MnPO was analyzed with subregion (dorsal and ventral) as a within-subjects variable. The two parts behaved similarly, so the data are presented in Table 1 for the entire nucleus. The only significant effect was the main effect for solute [F(3, 19) = 7.77, P = 0.001]. Further analysis of the means combined for duration and subregion revealed denser Fos expression in the hyperosmotic NaCl (4.82 ± 0.57) and urea (3.42 ± 1.11) groups than in the hyperosmotic glucose (1.02 ± 0.24) and isotonic NaCl groups (0.73 ± 0.14).
The analysis of the central nucleus of the amygdala demonstrated strong effects of solute [F(3, 19) = 7.61, P = 0.002] and duration [F(1, 19) = 19.86, P < 0.001], but the interaction was not significant (P = 0.10). The data are displayed in Table 1. Analysis of the means combined for duration revealed that the hyperosmotic NaCl infusion (7.07 ± 1.52) generated significantly more Fos expression than hyperosmotic glucose (4.00 ± 1.33), urea (3.00 ± 0.73), or isotonic saline (1.43 ± 0.27). On average, the 22-min infusions produced three times more Fos expression than the 11-min infusions, although most of this effect appeared to be caused by the three hyperosmotic groups (see Table 1).
Figure 7 shows baseline plasma osmolalities as well as postinfusion plasma and CSF osmolalities. The data were analyzed with solute infusion as a between-subjects factor and fluid sample (preinfusion plasma, postinfusion plasma, postinfusion CSF) as a within-subjects variable. The interaction for solute and fluid sample was significant [F(6, 32) = 12.57, P < 0.001]. Baseline plasma osmolalities did not differ among the four groups. Rats receiving isotonic saline had elevated postinfusion plasma and CSF osmolality relative to the presurgical plasma value, indicating that some feature of the anesthetic and procedure elevated osmolality. Compared with these postinfusion values of the isotonic saline group, all groups receiving a hyperosmotic infusion had elevated plasma osmolality. However, only the urea-infused group had significantly elevated CSF osmolality by the end of the 10-min infusion.
We infused hyperosmotic NaCl, urea, or glucose intravenously and measured the latency to drink and the quantity of Fos-ir in the sensory CVOs, hypothalamus, MnPO, and amygdala. We did not include impermeant molecules other than NaCl, so we refer in this discussion to sodium-receptors and osmoreceptors interchangeably as “osmoreceptors.” We hypothesized that if NaCl was more effective than the other solutes in eliciting drinking, it should also be more effective at eliciting Fos expression in some populations of sodium- or osmoreceptive cells, such as those in the CVOs. Our behavioral data confirmed that infusions of hyperosmotic NaCl caused rats to drink with significantly shorter latencies than the other solutes. We could not allow the rats to continue drinking after the first sip because it would have made the Fos data uninterpretable. However, we assume that the earlier drinking latencies that we observed with NaCl would have corresponded to the larger intakes that others observed with NaCl in several experiments (8, 10, 12, 26, 41). All three hyperosmotic solutes caused substantial Fos expression in the SON and PVN of the hypothalamus, but hyperosmotic NaCl caused far more Fos expression than glucose or urea in the CVOs. The data strongly support the notion that the osmoreceptors that are most important for eliciting drinking under the present conditions are located in the CVOs.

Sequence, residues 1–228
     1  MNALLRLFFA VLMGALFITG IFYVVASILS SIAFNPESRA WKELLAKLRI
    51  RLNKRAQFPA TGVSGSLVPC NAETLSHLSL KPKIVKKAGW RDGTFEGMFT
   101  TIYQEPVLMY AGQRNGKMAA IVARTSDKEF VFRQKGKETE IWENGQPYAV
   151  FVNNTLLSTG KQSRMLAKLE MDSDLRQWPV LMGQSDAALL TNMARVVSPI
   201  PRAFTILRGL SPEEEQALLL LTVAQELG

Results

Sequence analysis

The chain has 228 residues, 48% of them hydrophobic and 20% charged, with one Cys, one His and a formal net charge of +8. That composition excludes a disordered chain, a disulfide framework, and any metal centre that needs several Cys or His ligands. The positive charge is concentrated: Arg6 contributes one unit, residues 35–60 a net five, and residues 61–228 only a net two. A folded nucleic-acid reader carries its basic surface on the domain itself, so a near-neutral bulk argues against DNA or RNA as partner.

Infusions of hyperosmotic NaCl, regardless of infusion duration, consistently and robustly elevated Fos expression in all nuclei of interest. This was expected, as NaCl is excluded from brain and cellular compartments and thus should cause widespread dehydration. Glucose and urea, while slow to cross the BBB, have relatively more rapid access into peripheral cells. The result of their slow penetration into the brain was predicted to stimulate osmosensitive cells in SON and PVN, which reside inside the BBB. Indeed, infusions of these solutes significantly enhanced Fos expression in SON and lateral magnocellular PVN, except for the 11-min infusion duration in the glucose infusion group.
In the lateral magnocellular part of the PVN, hyperosmotic NaCl for 22 min elicited a significantly greater response than either glucose or urea. This might indicate that NaCl was more effective than glucose or urea in dehydrating osmoreceptors in the hypothalamus, as well as in the CVOs. However, another interpretation is likely. In addition to their own osmoreceptors (3, 4, 21, 23, 34, 45), SON and PVN receive input from osmoreceptors in CVOs (18, 28, 33, 40), and a disconnection of one CVO, the SFO, greatly reduces Fos expression in the SON and PVN after hyperosmotic intragastric loads (11, 38). Thus, cells in the hypothalamus are activated both by native osmoreceptors and by afferents from the CVOs after hyperosmotic NaCl infusion. With hyperosmotic glucose and urea, Fos expression results almost exclusively from the native hypothalamic osmoreceptors because of the reduced osmoreceptor activation in CVOs.